Batman v Superman: Dawn of Justice suffers huge box office drop

Published On April 5, 2016 | By HN Staff | Arts

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Ashly July

After a record-breaking $260 million domestic opening weekend, Batman v Superman: Dawn of Justice brought in a disappointing $52 million for its second weekend in theaters.

This weekend’s gross managed to keep its number one spot, but is uncharacteristic for a film of this magnitude with no other blockbuster on its heels.

Toronto Star film critic Peter Howell told Humber News that the drop off might be a comment on the overall quality of the film, especially since superhero films tend to have many repeat viewers.   

“When you get to past 60 (per cent) as this one did, it starts to look like the film’s in trouble,” Howell said. “It indicates that there’s some problem with the film or that fans aren’t engaging with the film.”

Most movies have a drop off from their opening week box office to their second week, but at 68.7 per cent, the decline in ticket sales for Batman v Superman is unprecedented, and after losing over $100 million at the box office is currently the second largest decline of any superhero film to date, the first being Marvel’s Avengers: Age of Ultron ($113 million).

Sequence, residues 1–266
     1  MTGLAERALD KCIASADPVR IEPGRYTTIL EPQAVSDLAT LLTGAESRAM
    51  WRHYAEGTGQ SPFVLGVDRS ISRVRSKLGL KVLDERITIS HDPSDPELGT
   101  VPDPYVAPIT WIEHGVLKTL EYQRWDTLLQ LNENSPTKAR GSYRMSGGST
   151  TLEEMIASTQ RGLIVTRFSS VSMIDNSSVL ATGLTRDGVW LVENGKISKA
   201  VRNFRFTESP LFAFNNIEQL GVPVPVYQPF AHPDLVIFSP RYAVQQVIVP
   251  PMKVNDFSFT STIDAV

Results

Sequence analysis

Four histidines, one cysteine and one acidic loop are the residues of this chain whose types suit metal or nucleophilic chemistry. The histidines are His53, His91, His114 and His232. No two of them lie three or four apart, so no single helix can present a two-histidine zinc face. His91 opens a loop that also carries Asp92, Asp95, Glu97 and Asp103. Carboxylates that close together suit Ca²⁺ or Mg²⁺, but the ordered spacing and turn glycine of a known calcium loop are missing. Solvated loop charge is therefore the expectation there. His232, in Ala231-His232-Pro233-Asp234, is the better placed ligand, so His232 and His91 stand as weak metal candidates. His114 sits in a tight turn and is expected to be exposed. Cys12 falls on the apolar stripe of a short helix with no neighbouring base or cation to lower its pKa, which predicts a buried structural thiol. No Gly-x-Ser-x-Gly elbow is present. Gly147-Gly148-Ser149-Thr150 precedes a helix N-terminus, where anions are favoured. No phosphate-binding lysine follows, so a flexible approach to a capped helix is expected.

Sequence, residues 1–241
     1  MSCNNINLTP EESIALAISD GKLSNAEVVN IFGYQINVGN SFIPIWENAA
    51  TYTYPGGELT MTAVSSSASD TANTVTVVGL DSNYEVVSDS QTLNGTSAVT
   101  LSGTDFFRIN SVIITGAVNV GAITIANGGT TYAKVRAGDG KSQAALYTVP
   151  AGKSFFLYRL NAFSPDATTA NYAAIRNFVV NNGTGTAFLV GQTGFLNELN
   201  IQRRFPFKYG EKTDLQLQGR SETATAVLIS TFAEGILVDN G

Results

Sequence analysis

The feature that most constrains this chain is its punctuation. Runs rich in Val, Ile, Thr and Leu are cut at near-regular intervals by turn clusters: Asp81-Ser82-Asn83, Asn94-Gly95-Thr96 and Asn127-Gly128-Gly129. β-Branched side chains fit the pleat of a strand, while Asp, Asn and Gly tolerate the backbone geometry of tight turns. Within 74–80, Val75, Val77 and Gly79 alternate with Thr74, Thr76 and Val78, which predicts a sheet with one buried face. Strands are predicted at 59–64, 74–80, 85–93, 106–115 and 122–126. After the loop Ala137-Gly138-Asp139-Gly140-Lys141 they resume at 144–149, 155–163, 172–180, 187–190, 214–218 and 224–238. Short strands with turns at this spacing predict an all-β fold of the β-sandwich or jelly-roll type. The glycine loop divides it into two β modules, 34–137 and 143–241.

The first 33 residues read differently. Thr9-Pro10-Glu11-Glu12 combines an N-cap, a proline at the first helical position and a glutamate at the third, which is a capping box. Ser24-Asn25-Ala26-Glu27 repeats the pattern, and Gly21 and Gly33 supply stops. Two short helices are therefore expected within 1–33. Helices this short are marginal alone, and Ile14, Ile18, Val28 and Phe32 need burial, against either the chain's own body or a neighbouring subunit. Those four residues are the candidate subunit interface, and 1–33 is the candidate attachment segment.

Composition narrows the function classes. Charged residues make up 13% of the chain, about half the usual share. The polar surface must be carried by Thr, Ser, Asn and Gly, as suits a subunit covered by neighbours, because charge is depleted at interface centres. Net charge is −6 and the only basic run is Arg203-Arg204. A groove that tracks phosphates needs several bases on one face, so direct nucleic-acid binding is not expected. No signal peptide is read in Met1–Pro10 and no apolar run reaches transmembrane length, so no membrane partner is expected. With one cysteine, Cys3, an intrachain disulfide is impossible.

Howell also says that a “good drop” would be around 30-40 per cent, even though most movies would be lucky to have a $50 million dollar weekend.

“That would be a great weekend for everybody else except for a movie like this,” he said.

The film has been panned by critics and currently has a 29% rating on Rotten Tomatoes which paired with negative word-of-mouth can impact the bottom line of any motion picture.

Batman v Superman grossed a whopping $500 million worldwide on opening weekend, but according to HitFix, the movie may not make it to the coveted $1 billion mark.

Some have pointed to director Zack Snyder’s choices, disjointed story and overall dark tone as the reason the film is receiving poor reviews from critics.

Batman v Superman is DC Comics and Warner Bros. first foray into the universe-building that Marvel pioneered and has continued to expand on for close to a decade.

DC/Warner Bros. is playing catch up with Marvel’s movie success, both critically and commercially, and Howell says that the critical reception may deter fans from going to see future DC films.   

“You’ve roped people in to see this because they’re curious, but they’ll be less likely to see Justice League of America, or another Batman movie or another Superman movie.” Howell said. “You’re hurting the franchise down the road, potentially.”

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